Thursday, November 23

Women’s soccer looks to shape up defense before NCAA Tournament opener


Redshirt freshman forward/midfielder Anika Rodriguez has started 17 of the 19 games she's been a part of. Rodriguez has two goals and eight assists on the season. (Mackenzie Possee/Assistant Photo editor)

Redshirt freshman forward/midfielder Anika Rodriguez has started 17 of the 19 games she's been a part of. Rodriguez has two goals and eight assists on the season. (Mackenzie Possee/Assistant Photo editor)


When UCLA women’s soccer takes the field against Seattle to open the NCAA Tournament on Friday night, it will do so having navigated an unusual midweek obstacle – the election.

Even postseason preparation is not immune to political fallout.

“Wednesday was a weird day because of the election,” said coach Amanda Cromwell. “Everyone was a little bit shocked by the results. It was kind of a down vibe to the practice, but Thursday was back to normal. Preparation’s been good.”

The No. 4 seed Bruins (13-5-1, 7-3-1 Pac-12) enter the match against the unranked Redhawks (14-5-1, 7-0-0 Western Athletic Conference) as the heavy favorites.

UCLA has a superior RPI, strength of schedule and tournament pedigree than Seattle does, but are wary of the threat posed by WAC champions.

“Seattle’s a quality team. They have some really good attacking pieces,” Cromwell said.

One of those threats is senior forward Brie Hooks, a transfer from Colorado, where she was named to the Pac-12 All-Freshman team in 2013 and the All-Pac-12 Second Team in 2014.

Hooks is the Redhawks’ leading scorer with seven goals and three assists on the season, but she is not the lone concern for the Bruins.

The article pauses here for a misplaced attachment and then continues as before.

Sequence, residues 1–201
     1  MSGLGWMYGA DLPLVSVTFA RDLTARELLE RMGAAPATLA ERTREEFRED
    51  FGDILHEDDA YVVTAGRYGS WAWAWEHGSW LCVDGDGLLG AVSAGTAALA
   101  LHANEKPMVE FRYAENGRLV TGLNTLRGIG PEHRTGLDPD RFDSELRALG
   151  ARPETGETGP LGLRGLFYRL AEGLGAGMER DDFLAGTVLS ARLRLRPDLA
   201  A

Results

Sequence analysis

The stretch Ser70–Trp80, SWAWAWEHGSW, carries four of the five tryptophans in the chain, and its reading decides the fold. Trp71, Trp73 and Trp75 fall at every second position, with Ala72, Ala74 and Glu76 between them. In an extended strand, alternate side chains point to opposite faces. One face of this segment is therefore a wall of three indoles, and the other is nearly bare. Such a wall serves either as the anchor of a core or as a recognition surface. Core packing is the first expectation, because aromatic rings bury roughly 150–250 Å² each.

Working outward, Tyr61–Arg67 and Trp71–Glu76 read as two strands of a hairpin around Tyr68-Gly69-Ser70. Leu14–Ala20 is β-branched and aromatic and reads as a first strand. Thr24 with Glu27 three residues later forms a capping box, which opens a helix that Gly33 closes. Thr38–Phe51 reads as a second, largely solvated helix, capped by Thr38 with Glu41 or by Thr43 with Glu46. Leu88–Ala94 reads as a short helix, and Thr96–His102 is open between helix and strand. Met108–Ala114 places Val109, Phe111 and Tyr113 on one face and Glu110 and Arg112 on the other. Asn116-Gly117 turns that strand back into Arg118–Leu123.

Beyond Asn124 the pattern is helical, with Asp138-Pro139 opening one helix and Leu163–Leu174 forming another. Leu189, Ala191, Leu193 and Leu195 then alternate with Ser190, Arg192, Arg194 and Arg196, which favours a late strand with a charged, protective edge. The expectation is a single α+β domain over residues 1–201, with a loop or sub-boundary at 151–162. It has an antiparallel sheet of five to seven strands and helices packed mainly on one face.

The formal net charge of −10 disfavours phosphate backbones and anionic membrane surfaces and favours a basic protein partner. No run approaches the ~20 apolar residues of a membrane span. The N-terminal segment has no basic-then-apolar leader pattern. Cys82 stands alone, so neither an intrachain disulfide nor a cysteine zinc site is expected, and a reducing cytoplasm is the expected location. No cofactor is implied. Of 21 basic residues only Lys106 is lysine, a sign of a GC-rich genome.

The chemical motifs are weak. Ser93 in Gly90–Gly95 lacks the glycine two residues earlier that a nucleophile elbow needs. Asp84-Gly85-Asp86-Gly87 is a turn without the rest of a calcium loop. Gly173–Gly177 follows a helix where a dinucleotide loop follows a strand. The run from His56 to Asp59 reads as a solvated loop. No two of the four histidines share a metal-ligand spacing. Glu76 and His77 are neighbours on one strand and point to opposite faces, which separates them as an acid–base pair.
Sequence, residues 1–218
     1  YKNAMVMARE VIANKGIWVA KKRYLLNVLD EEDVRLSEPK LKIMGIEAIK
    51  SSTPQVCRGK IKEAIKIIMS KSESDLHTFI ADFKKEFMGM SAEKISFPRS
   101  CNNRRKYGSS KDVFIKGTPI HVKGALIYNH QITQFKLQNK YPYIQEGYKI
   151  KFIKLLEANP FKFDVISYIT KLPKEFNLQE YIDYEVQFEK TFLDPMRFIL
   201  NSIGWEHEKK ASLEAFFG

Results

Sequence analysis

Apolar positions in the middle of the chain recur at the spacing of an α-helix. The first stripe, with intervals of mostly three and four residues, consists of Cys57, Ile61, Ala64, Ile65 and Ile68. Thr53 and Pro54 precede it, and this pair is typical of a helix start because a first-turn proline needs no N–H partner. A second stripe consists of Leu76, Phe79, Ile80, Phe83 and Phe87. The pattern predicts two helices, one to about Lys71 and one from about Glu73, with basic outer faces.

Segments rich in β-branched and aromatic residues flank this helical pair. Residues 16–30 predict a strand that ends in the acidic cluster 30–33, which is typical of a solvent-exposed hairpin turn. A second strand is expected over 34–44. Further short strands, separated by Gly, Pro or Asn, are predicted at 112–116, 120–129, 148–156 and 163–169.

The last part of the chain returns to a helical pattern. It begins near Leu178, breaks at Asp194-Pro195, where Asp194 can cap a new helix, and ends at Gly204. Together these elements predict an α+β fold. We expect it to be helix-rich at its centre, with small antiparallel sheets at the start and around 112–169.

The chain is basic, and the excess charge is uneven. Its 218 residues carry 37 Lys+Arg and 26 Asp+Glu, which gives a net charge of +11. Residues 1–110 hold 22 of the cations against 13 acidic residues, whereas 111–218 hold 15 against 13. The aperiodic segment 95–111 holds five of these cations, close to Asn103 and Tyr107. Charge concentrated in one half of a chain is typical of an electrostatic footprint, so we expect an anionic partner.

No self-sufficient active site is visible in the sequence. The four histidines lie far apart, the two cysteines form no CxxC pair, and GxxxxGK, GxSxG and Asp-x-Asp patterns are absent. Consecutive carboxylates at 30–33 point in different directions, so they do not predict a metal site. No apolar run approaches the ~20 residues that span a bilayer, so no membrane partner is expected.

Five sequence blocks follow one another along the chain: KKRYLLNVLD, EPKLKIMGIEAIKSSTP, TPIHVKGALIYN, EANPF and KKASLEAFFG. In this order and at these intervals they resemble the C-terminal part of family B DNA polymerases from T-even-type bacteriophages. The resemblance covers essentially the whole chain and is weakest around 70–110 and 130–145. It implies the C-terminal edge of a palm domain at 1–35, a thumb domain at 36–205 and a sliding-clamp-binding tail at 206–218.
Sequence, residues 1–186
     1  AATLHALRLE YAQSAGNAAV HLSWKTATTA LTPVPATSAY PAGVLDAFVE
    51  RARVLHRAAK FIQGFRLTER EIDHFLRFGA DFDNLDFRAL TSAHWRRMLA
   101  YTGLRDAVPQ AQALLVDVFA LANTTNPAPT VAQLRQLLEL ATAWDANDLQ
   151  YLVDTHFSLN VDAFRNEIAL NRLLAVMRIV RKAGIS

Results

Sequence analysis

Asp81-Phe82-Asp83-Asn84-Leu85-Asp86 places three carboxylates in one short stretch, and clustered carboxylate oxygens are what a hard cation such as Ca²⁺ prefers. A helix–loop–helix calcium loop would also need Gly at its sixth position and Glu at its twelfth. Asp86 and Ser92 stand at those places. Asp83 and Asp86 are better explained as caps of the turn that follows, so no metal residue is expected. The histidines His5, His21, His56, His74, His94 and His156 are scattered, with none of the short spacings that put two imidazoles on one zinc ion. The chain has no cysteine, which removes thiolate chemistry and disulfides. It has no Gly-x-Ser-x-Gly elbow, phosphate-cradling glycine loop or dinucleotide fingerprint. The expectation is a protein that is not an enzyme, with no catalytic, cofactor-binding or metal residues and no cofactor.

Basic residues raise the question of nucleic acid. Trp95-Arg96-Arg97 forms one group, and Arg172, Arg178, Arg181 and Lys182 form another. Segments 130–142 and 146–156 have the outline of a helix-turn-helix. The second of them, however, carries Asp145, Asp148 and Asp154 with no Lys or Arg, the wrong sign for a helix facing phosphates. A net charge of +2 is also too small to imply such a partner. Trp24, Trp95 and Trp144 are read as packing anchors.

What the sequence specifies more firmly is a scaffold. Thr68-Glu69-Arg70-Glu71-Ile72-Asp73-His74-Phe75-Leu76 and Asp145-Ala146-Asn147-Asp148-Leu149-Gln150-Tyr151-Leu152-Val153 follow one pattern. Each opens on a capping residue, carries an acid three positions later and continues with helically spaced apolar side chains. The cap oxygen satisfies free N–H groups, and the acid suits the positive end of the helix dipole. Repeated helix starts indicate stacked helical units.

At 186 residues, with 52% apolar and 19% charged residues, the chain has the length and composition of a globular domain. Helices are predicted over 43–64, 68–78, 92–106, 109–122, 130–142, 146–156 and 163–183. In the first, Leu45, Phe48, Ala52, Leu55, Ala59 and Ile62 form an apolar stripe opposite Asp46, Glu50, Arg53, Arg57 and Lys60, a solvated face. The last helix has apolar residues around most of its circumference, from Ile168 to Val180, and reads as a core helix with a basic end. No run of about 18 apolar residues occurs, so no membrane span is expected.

“They like to move the ball around and they are a strong defensive unit,” said senior midfielder Annie Alvarado.

While Seattle may want to play a possession game, that is UCLA’s strength. Against ranked teams like Cal and USC, not to mention the lower echelon teams on the schedule, the team kept the ball and dictated play. Those elements are built into the Bruins’ game plan.

What has been in an issue, however, is breaking down defenses on a consistent basis, especially ones prone to bunkering in and maintaining a cohesive shape.

“We have to really try to exploit their back line to see if we can get them chasing and get them pulled out of shape,” Cromwell said.

Last week, against USC, UCLA was able to do that.

The Bruins lined up with a three-pronged attack that opened up the Trojans’ defense multiple times in the first half and grabbed the lone goal.

Even with the positives taken from that victory, the team knows they still have areas to improve on.

“After watching film of the USC game, we have to keep recreating that width and keep trying to switch the play,” Alvarado said. “That will be key for us.”

Additionally, the team is still trying to shake off the negative patterns such as converting more opportunities into goals and eliminating defensive mistakes.

“We can still be better at finishing chances and making quality decisions in the attacking third,” Cromwell said. “Our defending in wide spaces and preventing crosses needs to be better from the USC game.”

Cleaning up these areas of the game will lead to more chances for UCLA and more shots.

“Every time we shoot, something good happens,” said redshirt freshman Anika Rodriguez.

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